Majority of Russians Fond of Lenin and Regret Soviet Collapse

Lenin and Stalin
A Russian communist holds placards with portraits of Vladimir Lenin and Joseph Stalin during a rally to celebrate International Workers' Day, or Labour Day in Moscow May 1, 2012. Both former leaders controversially retain a considerable level of approval in Russian society. Denis Sinyakov/Reuters

Over half of Russians regret the collapse of the Soviet Union and believe it was avoidable, research from Russian independent pollster Levada Center shows.

According to the poll, 56 percent of Russians wished the Soviet Union had not collapsed, while 51 percent felt the state's break-up was not inevitable and could have been avoided. Still only 14 percent felt re-establishing the Soviet system in Russia was possible today, which is 2 percent higher than in 2012.

The Levada opinion poll on the Soviet Union's break-up has been conducted regularly since 1998, though more questions have been added in later instalments. The number of Russians mourning the Soviet Union's demise has increased to the highest level since 2010, though the figure is still far from the record high reported in December 2000, when 75 percent of Russians said they regretted the break-up of the Communist regime.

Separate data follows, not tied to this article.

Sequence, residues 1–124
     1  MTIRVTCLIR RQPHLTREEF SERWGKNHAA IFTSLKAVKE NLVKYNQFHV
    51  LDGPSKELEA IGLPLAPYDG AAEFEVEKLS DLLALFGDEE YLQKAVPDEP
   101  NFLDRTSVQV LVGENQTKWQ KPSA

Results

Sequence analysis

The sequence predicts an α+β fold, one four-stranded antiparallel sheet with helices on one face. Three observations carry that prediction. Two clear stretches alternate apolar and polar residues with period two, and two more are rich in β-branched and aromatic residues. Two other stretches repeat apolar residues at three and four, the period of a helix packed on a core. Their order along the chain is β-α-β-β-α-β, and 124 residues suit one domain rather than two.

In addition to the 14 percent who believe that the Soviet Union can and should be revived, 44 percent agree it should be, but admit it is not possible at present. Taking a stand at the other end of the spectrum, 33 percent oppose the reinstatement of Soviet rule.

While Levada have frequently studied the popularity of Soviet dictator Joseph Stalin, this survey also included an opinion poll on Stalin's predecessor, Vladimir Lenin. When asked how they felt about the man who led the Bolshevik revolution and set up the Soviet Union, 53 percent of Russians felt his role was entirely or largely positive in Russian history.

That is the highest approval rating for Lenin since Lecada started surveying his popularity in 2006. This places him on par with Prime Minister Dmitry Medvedev, whose actions are also endorsed by 53 percent of Russians, according to Levada's March poll.

Both rank above the Russian government's popularity among voters, as its approval sits at 48 percent as of last month.

Russian President Vladimir Putin's continues to sit above 80 percent, however, he himself has taken an unkind view to Lenin. In January Putin accused Lenin of "ruining" the Soviet Union, but after incurring the wrath of Russia's Communists he spoke as an avid admirer of Communist ideas.